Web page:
Texas’ “Human Life Protection Act” states an exception is allowed if a medical emergency is present, defined as, “in the exercise of reasonable medical judgment, the pregnant female…has a life-threatening physical condition aggravated by, caused by, or arising from a pregnancy that places the female at risk of death or poses a serious risk of substantial impairment of a major bodily function unless the abortion is performed or induced.”
Previable, premature rupture of membranes (PPROM) as described in this article is a complicated situation. The prognosis for the fetus is poor: the risk of stillbirth is 36% and about 46% of liveborn babies will die within the first month. Even if he reaches the point of viability, the lack of amniotic fluid may cause his lungs to fail to mature, leaving him unable to breathe when delivered. Additionally, the risk of infection (chorioamnionitis) for the mother is very high. Even if she does not show obvious evidence of infection, it is likely that a subclinical infection is already present and may have been the event that caused the membranes to rupture. Microscopic examination documents evidence of infection in 94% of placentas in the setting of PPROM between 21-24 weeks gestation. The risk to the mother of developing a more serious infection, if the pregnancy continues, is high (up to 71%), and may progress to sepsis (overwhelming blood infection) or even maternal death.
Refusing to offer the option of intervention in this circumstance is not supported by any medical guidance or by the Texas law, which would permit intervention because of the likelihood that PPROM could become life-threatening for the mother. The American College of Obstetricians and Gynecologists (ACOG) addresses this situation in their 2020 Practice Bulletin Prelabor Rupture of Membranes, “Women presenting with PROM before neonatal viability should be counseled regarding the risks and benefits of expectant management versus immediate delivery. Counseling should include a realistic appraisal of neonatal outcomes (which it documents elsewhere are uniformly poor). Immediate delivery (termination of pregnancy by induction of labor or dilation and evacuation) and expectant management should be offered. Physicians should provide patients with the most current and accurate information possible.”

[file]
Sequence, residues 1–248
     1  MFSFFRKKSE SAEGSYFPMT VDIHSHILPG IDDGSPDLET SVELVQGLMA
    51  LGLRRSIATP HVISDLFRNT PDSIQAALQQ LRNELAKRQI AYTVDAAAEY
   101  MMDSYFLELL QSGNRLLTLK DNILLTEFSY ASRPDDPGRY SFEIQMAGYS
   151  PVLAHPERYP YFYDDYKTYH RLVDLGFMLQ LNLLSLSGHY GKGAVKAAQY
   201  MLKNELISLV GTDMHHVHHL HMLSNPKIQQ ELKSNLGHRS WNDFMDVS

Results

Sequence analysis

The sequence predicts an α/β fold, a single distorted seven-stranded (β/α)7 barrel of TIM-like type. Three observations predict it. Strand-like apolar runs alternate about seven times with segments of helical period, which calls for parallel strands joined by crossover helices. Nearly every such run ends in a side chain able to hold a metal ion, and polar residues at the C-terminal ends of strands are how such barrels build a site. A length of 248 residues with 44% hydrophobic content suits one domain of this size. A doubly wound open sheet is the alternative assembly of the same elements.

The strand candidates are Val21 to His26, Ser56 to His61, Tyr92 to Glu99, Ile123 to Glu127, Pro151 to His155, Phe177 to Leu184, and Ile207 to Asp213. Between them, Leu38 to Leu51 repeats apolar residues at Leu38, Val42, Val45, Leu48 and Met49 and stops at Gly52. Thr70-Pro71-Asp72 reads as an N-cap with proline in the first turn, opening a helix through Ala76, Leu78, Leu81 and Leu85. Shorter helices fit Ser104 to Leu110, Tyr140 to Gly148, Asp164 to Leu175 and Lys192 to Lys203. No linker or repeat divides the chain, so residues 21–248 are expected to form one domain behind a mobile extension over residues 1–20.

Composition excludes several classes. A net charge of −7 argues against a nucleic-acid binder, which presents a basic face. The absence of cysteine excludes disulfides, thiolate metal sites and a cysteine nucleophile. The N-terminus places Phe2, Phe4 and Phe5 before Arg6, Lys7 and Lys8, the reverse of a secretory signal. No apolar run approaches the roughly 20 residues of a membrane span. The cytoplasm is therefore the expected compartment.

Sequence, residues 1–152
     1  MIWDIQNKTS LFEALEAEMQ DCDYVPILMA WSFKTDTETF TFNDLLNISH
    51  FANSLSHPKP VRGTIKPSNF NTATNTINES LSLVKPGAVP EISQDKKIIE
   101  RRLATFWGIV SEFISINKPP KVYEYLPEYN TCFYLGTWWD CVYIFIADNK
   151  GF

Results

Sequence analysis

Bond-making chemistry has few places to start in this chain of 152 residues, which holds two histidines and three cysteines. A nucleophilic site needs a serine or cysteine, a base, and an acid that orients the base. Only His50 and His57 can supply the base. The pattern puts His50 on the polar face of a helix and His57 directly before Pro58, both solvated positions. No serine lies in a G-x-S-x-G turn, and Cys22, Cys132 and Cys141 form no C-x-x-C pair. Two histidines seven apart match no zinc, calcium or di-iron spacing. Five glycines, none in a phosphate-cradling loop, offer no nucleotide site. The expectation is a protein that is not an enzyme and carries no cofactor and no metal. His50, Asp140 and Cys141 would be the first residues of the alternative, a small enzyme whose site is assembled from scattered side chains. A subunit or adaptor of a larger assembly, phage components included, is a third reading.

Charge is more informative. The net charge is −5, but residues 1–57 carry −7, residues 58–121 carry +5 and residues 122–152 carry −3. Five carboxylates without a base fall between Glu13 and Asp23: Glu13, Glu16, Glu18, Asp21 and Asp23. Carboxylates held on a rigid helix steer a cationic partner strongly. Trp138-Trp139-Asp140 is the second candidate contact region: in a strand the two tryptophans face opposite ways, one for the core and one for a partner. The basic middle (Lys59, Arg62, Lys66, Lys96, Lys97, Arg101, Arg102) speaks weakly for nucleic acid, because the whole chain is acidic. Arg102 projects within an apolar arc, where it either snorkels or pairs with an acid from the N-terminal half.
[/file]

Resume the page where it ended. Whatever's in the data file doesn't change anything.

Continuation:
The physicians caring for this unfortunate woman were not following the medical standard of care, nor state law. As reported in the article, this led to the life-threatening complication of sepsis. Confusion abounds in Texas today, even though it has been more than 14 months since the Texas Heartbeat Act was implemented. Why has this type of guidance been so slow in coming from organizations tasked with supporting doctors? Are pro-choice ideologues intentionally using confusion to turn the Texas public against pro-life legislation, to the detriment of quality care for women? It is imperative that organizations tasked with supporting physicians — the Texas Medical Board, the Texas Medical Society, and local hospital quality committees — which have remained silent, provide guidance for physicians about these laws, so they may use their “reasonable medical judgment” to provide quality care for women.
Ingrid Pfanstiel Skop, M.D., attended Oklahoma State University and the Washington University School of Medicine, and she trained in obstetrics and gynecology at the University of Texas Health Science Center in San Antonio. She has been caring for women and delivering babies for 25 years in Texas. Dr. Skop is married to Brian, a psychiatrist, and has three children: Ian, Eli, and Sophie.